Source: Canadian Federation of Agriculture
Carbon pricing, rural investment, mental health and the federal election emerged as priorities during the Canadian Federation of Agriculture (CFA) 2019 Annual General Meeting, held in Ottawa last week. CFA members heard keynote speeches and participated in discussions centred on the theme “Producing Prosperity”.
“We want to show how investments in rural Canada and the agricultural sector can have benefits for Canada as a whole socially, economically and also environmentally ,” said Ron Bonnett, CFA President.
During his opening keynote, Agriculture and Agri-Food Minister Lawrence MacAulay highlighted the successes of agriculture but also took a look at chronic issues and upcoming challenges. He also announced the new FCC Starter Loan program, which will help new, young farmers break into the sector while providing them with the finances and knowledge they need to succeed.
Delegates explored the impacts and opportunities presented by the carbon pricing system during a panel discussion featuring MP Wayne Stetski, Véronique Maltais and Jackie Mercer from Environment and Climate Change Canada and Candace Vinke from Viresco Solutions.
Delegates also took part in a panel on the Future of Canadian Farming, hearing from Frédéric Seppey from Agriculture and Agri-Food Canada, Howard mains from the Association of Equipment Manufacturers and Len Kahn & Andreas Duess from Nourish Food Marketing.
CFA held elections for President, First Vice-President and Second Vice-President, with the current President, Ron Bonnett, stepping down after nine years in the position.
Elected as CFA President is Mary Robinson, former President of the Prince Edward Island Federation of Agriculture.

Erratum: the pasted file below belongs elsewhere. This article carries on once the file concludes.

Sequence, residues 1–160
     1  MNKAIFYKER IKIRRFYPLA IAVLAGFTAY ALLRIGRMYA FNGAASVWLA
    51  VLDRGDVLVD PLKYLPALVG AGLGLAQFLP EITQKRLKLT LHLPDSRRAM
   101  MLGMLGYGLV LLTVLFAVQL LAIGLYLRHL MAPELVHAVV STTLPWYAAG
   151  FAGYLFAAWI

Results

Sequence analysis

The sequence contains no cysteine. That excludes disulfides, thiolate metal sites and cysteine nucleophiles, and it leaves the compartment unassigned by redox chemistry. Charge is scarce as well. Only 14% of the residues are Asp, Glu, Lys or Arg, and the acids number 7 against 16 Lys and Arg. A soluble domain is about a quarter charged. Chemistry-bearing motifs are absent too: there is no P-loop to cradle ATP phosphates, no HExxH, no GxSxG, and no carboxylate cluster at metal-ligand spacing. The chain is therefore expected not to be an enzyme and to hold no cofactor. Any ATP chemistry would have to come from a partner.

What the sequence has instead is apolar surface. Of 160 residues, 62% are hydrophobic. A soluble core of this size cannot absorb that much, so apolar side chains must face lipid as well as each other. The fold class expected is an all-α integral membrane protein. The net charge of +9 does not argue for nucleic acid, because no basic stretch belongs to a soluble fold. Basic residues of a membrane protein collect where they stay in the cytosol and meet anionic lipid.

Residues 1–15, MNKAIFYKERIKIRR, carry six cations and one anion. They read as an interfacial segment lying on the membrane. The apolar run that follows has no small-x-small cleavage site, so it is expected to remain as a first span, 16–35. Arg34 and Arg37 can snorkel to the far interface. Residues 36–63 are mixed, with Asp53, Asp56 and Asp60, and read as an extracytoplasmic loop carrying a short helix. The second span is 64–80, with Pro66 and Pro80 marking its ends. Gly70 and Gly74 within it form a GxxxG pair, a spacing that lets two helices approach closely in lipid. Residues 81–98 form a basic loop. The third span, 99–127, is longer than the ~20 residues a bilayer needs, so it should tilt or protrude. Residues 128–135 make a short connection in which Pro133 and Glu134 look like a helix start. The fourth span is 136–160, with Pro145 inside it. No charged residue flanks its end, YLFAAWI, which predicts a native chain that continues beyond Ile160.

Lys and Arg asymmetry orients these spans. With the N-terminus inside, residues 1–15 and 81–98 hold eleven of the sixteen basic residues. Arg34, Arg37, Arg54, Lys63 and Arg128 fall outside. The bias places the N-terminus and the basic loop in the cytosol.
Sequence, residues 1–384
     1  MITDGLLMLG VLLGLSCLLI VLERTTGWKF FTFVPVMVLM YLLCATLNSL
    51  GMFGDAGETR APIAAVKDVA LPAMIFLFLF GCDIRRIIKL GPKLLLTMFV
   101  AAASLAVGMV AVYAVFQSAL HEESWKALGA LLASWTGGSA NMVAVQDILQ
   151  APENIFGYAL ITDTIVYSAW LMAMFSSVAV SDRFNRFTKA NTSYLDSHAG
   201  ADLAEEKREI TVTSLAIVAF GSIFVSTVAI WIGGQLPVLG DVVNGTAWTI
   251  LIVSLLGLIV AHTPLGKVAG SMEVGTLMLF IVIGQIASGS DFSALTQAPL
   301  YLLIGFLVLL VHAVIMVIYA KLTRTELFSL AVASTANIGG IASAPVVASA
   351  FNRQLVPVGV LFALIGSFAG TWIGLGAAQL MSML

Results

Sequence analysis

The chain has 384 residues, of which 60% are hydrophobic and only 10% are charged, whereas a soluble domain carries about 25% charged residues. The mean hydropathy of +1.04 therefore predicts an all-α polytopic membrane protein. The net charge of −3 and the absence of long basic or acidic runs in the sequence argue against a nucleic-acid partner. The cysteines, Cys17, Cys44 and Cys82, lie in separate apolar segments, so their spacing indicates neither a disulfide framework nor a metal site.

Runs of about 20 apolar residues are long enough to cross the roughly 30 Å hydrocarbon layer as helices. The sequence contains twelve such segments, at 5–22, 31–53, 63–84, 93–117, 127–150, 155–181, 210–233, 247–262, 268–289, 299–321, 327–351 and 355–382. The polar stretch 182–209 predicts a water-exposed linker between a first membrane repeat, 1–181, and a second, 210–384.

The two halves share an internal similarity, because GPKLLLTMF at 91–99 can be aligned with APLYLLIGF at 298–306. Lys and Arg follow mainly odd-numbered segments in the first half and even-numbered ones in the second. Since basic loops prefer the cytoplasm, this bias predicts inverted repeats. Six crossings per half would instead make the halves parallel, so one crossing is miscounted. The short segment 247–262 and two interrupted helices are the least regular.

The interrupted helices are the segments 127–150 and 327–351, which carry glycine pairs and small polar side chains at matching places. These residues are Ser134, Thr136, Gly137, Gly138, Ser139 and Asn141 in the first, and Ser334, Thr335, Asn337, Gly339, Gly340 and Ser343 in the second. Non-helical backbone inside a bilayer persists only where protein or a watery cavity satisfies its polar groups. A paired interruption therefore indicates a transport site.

Keith Currie, President of the Ontario Federation of Agriculture, was elected as 1st Vice-President.
Chris van den Heuvel, former President of the Nova Scotia Federation of Agriculture, was elected as 2nd Vice-President.
Further information on the new executive team can be found here.
CFA members passed 36 resolutions that will guide its advocacy efforts in the coming year. This year’s resolutions cover a range of areas, including: trade, business risk management, transportation, tax policy, sustainability, crop protection, labour, animal health, rural infrastructure, carbon pricing and other topics.
Among the other AGM speakers were Luc Berthold, the Conservative party agriculture critic; Alistair MacGregor, the NDP’s agriculture critic; and Marty Seymour, Director of Industry and Stakeholder Relations at Farm Credit Canada. Christa Wright, of Agriculture in the Classroom Canada, outlined the outreach efforts her organization takes to educate children about agriculture.
There was also the presentation of the first annual Brigid Rivoire Award for Champions of Agricultural Mental Health, an award that goes to an individual or organization that has been doing work in the field of agricultural mental health. This year’s winner was the UPA’s Sentinel program. A profile of the program can be viewed here.
Two policy workshops prior to the AGM focused on Big Data/ Right to Repair as well as Value Creation Models for grain, followed by a consultation with AAFC and CFIA on those Value Creation Models.
CFA’s new executive team will work together to make the voice of farmers across the country heard. Through collaboration and teamwork we can show how important agriculture is to Canada, and how we can all strive to unlock its potential.